In the same way as with the articles, the total number of authors has also increased for the period analyzed. In the last triennium, 2016–2018, 37.30% of the total authors of the 15-year period are concentrated. It is noted that the number of authors who published in this topic of research between 2004 and 2006 was 289, amounting to 1986 authors in the triennium 2016–2018. This is a larger increase than experienced in the number of articles published, because the average number of authors by article has also increased. Thus, in 2004–2008 the average number of authors by article stood at 2.1 authors by article, while in the last period (2016–2018) it increased to 2.8 authors by article, with a maximum of 3.1 in the fourth period (2013–2015).
On the other hand, the number of countries involved in the publication of articles on this topic of research has increased from 43 in the 2001–2003 triennium to 179 of the last period analyzed. Throughout the period analyzed, the total number of countries that have contributed to the publication of articles on the impact of the university classroom on managing of the socio-educational well-being of students amounts to 134.
In addition, the number of citations increased from the first period (2004–2006) with 3,011 to the third triennium analyzed (2010–2012) with 4972. Since this trienium, the total number of citations of the total articles has been decreasing, with 3705 in the following period (2013–2015), and with 1257 in the last period (2016–2018). This circumstance is due to the fact that the published articles, that is, those corresponding to the last 6 years, will receive a greater number of citations in the coming years, for their recent publication and impact, in addition to their distribution in open-access [80], and this situation is related to the average annual number of citations by article. Thus, this average has been decreasing from 22.30 in the first triennium (2004–2006) to 1.80 in the last period (2016–2018).
The number of journals that published articles on the subject of study increased from 127 in the first period, 2004–2006, to 535, in the last triennium analyzed, 2016−2018. Likewise, the number of institutions increased from 215 in the 2004–2006 period, to 1296 in 2016–2018.
Finally, the number of references increased from the first period (2004–2006) with 3547 to the last three-year period analyzed with 24,899. This assumes that the average has been increasing from 25.61 in the first triennium (2004–2006) to 35.67 in the last period (2016–2018).
In this regard, Table 3 shows the 20 most cited articles in this field of research during the period 2004–2018. These findings are in line with the interest of research, in recent decades, to study, as main issues, the problem of educational failure, attitudes of rejection of traditional learning, and, consequently, with the demotivation of the student, marked by geographic, ethnic or gender variables [43,81,82]. On this side, scientific production is a participant in the search for solutions and in providing management elements to the educational environment to link achievement and well-being with the learning space [36,46].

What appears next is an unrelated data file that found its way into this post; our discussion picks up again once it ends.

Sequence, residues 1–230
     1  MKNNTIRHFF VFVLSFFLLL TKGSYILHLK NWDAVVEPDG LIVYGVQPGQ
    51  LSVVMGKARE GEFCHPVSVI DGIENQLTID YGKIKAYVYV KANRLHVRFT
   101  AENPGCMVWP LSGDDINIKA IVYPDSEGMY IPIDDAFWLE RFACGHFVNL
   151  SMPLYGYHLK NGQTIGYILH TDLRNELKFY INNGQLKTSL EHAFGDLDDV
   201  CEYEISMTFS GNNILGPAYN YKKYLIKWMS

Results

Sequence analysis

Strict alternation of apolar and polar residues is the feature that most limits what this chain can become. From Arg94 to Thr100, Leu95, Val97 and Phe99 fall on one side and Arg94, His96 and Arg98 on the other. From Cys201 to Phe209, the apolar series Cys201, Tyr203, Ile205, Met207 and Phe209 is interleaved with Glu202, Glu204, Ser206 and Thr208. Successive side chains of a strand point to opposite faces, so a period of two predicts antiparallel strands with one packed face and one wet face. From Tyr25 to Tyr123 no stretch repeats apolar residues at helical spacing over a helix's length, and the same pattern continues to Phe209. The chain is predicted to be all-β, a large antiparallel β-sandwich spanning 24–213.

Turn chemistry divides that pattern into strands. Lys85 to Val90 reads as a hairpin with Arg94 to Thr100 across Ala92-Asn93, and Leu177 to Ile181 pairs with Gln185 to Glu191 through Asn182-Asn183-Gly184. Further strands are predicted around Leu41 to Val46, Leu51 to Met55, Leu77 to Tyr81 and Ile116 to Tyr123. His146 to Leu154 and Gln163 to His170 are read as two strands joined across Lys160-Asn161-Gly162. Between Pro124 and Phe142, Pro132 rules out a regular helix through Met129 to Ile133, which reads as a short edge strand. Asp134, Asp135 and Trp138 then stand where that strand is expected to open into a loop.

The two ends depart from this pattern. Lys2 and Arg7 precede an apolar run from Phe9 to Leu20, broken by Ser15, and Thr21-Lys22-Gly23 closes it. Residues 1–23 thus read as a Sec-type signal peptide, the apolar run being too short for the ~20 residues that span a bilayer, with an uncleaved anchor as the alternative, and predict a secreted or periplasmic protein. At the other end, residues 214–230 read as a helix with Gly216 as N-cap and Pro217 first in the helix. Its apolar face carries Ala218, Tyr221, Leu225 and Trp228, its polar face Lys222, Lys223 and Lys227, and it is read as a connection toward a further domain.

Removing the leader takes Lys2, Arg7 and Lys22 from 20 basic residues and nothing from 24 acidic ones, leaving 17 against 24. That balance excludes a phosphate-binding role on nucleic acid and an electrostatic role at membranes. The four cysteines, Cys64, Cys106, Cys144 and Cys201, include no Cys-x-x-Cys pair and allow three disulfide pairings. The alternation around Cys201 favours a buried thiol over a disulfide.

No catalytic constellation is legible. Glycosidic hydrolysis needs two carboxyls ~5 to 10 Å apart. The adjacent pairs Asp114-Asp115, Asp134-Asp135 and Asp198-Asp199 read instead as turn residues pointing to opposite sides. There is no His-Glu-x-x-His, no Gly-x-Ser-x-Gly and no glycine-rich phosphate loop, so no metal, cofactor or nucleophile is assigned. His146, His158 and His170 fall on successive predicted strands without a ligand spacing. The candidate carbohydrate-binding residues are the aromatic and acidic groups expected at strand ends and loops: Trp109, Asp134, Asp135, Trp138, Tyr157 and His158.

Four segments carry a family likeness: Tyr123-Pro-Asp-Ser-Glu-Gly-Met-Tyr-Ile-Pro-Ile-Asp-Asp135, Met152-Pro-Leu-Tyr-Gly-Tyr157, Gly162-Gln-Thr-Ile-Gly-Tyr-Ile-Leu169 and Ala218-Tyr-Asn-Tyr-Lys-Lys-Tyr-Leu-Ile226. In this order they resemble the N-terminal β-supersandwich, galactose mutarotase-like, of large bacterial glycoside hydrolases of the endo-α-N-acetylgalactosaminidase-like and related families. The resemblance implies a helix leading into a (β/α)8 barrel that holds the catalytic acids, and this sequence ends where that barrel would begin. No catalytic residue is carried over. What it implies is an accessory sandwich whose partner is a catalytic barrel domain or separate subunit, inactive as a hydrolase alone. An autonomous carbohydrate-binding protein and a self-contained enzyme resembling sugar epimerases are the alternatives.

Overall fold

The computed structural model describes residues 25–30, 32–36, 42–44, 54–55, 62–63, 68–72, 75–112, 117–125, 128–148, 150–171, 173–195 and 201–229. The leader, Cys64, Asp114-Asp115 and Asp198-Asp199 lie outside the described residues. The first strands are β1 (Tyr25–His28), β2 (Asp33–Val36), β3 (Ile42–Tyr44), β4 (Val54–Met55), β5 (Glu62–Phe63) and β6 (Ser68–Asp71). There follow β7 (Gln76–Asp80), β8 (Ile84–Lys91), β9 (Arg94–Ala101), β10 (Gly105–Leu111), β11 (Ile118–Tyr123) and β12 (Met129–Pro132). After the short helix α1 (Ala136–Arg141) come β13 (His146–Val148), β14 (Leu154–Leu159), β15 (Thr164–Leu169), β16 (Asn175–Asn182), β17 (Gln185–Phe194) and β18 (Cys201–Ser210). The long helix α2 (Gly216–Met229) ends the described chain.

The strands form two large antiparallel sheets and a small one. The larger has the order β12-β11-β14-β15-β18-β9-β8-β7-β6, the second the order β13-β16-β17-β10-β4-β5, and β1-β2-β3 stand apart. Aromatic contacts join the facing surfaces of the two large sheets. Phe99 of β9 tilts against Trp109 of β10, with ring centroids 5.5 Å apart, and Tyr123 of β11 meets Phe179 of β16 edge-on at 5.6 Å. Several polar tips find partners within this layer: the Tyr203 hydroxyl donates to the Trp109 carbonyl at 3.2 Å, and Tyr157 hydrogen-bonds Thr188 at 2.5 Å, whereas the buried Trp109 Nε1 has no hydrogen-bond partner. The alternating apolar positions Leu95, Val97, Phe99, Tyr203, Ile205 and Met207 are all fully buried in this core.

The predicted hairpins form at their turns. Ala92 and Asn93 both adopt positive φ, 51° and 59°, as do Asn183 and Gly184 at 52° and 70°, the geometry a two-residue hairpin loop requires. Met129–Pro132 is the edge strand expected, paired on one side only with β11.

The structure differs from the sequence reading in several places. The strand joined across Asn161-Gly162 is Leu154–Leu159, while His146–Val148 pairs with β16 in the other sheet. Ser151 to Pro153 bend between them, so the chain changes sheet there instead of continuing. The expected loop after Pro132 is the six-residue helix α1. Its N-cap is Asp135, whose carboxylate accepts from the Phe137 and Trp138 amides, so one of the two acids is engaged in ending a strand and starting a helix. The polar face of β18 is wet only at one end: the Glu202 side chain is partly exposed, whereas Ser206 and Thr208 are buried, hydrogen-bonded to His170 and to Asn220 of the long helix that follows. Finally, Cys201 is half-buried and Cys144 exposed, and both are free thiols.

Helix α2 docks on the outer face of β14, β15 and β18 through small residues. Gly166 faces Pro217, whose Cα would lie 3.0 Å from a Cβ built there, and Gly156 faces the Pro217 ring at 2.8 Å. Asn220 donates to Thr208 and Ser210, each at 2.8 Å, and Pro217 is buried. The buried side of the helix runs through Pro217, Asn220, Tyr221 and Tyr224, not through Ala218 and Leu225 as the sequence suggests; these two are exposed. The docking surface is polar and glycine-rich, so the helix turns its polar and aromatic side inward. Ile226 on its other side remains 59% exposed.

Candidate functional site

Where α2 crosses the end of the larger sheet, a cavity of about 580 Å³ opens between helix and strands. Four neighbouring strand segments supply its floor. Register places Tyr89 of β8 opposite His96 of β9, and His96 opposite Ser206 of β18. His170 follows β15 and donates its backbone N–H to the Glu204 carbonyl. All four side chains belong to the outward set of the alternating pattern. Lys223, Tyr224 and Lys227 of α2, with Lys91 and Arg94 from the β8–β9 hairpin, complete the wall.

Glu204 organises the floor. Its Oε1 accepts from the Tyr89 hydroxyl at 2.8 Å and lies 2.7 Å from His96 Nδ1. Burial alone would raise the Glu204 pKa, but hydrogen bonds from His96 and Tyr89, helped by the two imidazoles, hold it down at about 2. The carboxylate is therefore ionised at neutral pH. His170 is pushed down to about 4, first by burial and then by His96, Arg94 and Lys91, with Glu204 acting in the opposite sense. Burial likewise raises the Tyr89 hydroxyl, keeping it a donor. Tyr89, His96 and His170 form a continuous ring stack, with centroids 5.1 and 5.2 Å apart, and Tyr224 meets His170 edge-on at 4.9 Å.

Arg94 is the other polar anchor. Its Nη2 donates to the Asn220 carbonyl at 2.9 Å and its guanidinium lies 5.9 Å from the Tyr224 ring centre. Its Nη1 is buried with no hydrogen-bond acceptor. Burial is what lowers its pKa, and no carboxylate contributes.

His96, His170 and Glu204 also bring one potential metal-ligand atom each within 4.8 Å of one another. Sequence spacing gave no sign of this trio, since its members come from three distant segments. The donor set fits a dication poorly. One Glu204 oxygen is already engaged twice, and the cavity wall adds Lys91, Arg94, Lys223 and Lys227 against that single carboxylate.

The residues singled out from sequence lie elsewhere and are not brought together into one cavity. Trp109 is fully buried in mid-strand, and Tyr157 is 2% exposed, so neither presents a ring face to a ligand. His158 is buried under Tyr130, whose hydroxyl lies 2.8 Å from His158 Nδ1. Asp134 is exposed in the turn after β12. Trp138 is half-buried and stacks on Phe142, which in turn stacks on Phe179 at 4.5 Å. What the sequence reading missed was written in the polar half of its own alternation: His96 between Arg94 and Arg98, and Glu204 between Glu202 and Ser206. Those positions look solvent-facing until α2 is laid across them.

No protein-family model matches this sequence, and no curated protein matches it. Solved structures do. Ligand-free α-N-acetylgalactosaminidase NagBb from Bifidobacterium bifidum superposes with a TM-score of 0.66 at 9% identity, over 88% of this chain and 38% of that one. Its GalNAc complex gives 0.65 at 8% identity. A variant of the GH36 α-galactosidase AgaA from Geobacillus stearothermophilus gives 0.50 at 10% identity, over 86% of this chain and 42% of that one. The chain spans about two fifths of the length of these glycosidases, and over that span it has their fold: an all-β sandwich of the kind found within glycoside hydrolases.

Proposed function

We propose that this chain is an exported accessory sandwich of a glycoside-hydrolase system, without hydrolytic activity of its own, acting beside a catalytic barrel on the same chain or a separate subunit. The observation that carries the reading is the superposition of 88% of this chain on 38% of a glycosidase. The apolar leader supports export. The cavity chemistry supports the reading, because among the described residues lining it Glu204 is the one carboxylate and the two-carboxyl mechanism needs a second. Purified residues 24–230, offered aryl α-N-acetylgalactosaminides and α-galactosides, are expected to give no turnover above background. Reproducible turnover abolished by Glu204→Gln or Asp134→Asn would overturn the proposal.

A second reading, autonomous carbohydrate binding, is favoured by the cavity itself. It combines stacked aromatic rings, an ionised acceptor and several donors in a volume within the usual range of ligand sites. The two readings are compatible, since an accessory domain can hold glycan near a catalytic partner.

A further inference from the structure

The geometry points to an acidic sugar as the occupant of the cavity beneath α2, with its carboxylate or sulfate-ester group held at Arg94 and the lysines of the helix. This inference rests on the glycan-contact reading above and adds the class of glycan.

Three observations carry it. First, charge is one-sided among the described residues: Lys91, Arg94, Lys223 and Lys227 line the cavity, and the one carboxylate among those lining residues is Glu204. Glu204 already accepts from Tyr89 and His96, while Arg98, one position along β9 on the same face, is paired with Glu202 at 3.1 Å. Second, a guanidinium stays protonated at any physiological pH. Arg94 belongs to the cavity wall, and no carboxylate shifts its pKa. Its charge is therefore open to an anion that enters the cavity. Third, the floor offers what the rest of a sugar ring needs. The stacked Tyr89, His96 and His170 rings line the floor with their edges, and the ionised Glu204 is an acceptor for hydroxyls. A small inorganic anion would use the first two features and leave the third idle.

4.2. Publications by Subject Area and Journal

During the time horizon analyzed, 2004−2018, there are several categories where work related to the impact of the university classroom on managing of the socio-educational well-being of students has been found. Thus, according to the Scopus classification, there are a total of 27 thematic areas in which the 1982 articles analyzed are classified. It is necessary to clarify that the same article can be classified in more than one category, depending on the interest of the author and the publisher.
Figure 4 shows how the thematic classification of articles on the subject of research has evolved in the period 2004 to 2018. The Social Sciences category is the outstanding throughout the period studied, with 45% (1450) of the published articles on the topic of study. It is followed by the Computer Science category, with 8%. Medicine (7%), Business, Management and Accounting (6%) engineering (7%) are the following categories in order of importance. Therefore, the 5 most important categories represented in Figure 3, represent 73% of the documents published in this field of research from 2004 to 2018. Except for the Arts and Humanities (6%), Psychology (5%), and Nursing (4%) categories, the rest does not reach 2% of published works.
The association of publications in this field of study, mainly, to the Social Sciences category makes sense, since the sustainability factors of higher education relate to learning opportunities in the classroom university [83], or the emotional regulation of teachers and classroom management [84].
Table 4 displays the characteristics of the articles of the main journals in the publication on the topic of research. In the selection of the 20 journals with the highest number of articles published about research, the high percentage (40%) journals belonging to the first quartile of the SJR index, SCImago Journal Rank 2018. Furthermore, over the years, the topic of the link between the impact of the university classroom on managing of the socio-educational well-being has been interested in more journals and more authors, as evidenced by the growth in the number of articles and the variety of journals concerned.